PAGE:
A few years ago, a Southern Baptist leader said he could not pray with Jews because they worshiped a different God. The response of most Christians was one of disbelief: Who was Jesus worshiping if not the God of the Jews?
The question becomes thornier in relation to Muslims, who are adamant that God is one, while Christians are adamant that God is one in three—to note just one remarkable difference between the two faiths. But are these differences as stark as they seem at first blush? Some theologians think they are even starker, and have argued such in Christianity Today's pages.
But Miroslav Volf, professor of theology at Yale Divinity School, is not one of them. Volf, formerly of Fuller Theological Seminary, is the author of many moving and thoughtful books, including Exclusion and Embrace: A Theological Exploration of Identity, Otherness, and Reconciliation (Abingdon Press) and Against the Tide: Love in a Time of Petty Dreams and Persisting Enmities (Eerdmans). He tackles what he believes is one of the most important questions facing Christians and Muslims in Allah: A Christian Response (HarperOne). Mark Galli, senior managing editor of CT, spoke with Volf about the book.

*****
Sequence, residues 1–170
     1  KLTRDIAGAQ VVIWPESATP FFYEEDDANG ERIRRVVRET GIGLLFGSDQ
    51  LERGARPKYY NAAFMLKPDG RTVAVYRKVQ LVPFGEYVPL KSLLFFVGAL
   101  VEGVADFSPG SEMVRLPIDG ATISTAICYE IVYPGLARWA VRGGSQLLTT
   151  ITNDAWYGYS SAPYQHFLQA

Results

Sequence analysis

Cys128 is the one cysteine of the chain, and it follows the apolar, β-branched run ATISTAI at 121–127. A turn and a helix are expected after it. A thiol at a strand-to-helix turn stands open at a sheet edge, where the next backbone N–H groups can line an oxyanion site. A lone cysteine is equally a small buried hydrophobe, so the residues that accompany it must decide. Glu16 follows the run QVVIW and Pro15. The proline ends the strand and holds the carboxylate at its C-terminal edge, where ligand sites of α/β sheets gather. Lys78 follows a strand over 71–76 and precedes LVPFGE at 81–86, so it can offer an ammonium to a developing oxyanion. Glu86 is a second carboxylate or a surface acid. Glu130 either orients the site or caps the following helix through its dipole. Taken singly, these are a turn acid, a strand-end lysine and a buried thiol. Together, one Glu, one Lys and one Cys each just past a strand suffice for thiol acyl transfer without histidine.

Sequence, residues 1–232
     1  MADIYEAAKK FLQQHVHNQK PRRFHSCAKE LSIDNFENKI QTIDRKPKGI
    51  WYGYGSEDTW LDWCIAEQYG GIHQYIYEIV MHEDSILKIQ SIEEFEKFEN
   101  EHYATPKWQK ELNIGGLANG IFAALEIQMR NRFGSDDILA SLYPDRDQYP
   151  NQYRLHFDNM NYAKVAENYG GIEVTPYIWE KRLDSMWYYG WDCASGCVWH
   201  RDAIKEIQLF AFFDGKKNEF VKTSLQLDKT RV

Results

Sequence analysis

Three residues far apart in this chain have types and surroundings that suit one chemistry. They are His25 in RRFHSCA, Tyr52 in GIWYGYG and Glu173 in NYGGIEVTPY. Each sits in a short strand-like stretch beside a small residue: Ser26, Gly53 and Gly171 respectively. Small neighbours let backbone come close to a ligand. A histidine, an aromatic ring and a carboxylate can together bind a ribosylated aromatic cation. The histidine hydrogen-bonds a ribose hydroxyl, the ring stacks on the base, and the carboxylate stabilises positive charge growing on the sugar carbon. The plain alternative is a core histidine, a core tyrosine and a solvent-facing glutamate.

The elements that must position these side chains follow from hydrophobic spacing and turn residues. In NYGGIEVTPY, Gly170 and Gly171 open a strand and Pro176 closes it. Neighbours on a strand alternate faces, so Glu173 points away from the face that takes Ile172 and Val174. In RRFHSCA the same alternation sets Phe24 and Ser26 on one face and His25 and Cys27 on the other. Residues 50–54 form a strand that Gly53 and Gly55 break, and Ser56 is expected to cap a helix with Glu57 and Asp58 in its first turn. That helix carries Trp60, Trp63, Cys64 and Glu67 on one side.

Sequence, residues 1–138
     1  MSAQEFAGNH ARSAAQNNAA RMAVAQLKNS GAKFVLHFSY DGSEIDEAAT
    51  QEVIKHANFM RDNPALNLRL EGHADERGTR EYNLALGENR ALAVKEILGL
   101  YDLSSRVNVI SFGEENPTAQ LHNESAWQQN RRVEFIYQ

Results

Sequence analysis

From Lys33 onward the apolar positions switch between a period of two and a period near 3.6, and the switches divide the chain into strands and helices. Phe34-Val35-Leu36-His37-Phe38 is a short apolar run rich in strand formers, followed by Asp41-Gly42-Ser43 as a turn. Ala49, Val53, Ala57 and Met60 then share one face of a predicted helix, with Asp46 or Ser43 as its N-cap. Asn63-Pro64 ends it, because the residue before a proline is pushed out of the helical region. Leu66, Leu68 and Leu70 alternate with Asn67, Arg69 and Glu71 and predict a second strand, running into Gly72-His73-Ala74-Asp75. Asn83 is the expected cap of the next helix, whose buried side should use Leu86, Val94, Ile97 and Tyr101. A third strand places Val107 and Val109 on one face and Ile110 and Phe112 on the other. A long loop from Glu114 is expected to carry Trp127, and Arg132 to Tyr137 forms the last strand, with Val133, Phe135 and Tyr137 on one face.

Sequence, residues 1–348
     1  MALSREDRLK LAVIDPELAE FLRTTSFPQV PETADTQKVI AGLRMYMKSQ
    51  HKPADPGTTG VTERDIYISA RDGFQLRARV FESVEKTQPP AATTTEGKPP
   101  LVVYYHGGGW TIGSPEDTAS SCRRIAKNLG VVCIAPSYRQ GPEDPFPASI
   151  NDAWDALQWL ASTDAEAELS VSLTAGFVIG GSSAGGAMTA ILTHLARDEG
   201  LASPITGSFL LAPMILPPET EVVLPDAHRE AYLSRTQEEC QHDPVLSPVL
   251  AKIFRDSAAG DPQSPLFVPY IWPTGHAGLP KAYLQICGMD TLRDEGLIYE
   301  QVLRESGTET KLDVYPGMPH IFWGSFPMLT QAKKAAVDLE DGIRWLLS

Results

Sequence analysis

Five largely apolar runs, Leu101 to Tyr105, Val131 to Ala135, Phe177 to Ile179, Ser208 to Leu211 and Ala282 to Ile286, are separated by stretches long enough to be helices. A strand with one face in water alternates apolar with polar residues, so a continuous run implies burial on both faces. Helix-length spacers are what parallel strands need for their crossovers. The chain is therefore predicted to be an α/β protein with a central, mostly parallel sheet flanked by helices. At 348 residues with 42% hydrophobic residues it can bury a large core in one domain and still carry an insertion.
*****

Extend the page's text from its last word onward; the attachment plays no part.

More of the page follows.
You argue that Muslims and Christians worship the same god. Why is it important to determine whether they do?
They make up two of the largest religious groups worldwide, comprising more than half of humanity. They are at each other's throats, if not literally, then in their imaginations. And we need to find ways we can believe peacefully together.
Both groups are monotheists. They believe in one God, one God who is a sovereign Lord and to whom they are to be obedient. For both faiths, God embodies what's ultimately important ...1
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